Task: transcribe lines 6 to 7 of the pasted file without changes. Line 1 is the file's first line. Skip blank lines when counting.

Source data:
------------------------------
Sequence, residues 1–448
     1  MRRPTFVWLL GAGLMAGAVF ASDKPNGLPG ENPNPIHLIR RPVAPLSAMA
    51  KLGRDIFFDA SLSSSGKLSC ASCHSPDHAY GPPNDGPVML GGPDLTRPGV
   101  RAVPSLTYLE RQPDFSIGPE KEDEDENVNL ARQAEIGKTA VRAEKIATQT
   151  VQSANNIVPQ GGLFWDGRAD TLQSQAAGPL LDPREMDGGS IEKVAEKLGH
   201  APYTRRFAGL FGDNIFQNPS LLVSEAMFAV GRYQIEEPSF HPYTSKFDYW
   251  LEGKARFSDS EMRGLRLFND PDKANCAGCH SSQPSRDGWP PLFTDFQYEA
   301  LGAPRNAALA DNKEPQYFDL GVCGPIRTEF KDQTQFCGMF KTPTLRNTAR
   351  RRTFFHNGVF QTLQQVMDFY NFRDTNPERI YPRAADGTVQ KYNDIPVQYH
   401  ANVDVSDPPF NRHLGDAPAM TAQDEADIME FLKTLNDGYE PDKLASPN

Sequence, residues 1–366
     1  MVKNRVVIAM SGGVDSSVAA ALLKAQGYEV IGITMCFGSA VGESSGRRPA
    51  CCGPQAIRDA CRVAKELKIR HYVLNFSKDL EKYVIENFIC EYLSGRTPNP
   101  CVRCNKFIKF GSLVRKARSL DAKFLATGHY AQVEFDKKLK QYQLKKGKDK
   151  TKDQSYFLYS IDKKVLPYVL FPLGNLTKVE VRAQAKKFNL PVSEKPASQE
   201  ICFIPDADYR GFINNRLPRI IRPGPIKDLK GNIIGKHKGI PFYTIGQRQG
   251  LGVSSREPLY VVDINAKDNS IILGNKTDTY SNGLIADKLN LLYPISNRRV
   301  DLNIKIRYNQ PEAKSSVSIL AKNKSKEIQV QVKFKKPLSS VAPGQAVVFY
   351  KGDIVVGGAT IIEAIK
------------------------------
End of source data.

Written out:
   201  APYTRRFAGL FGDNIFQNPS LLVSEAMFAV GRYQIEEPSF HPYTSKFDYW
   251  LEGKARFSDS EMRGLRLFND PDKANCAGCH SSQPSRDGWP PLFTDFQYEA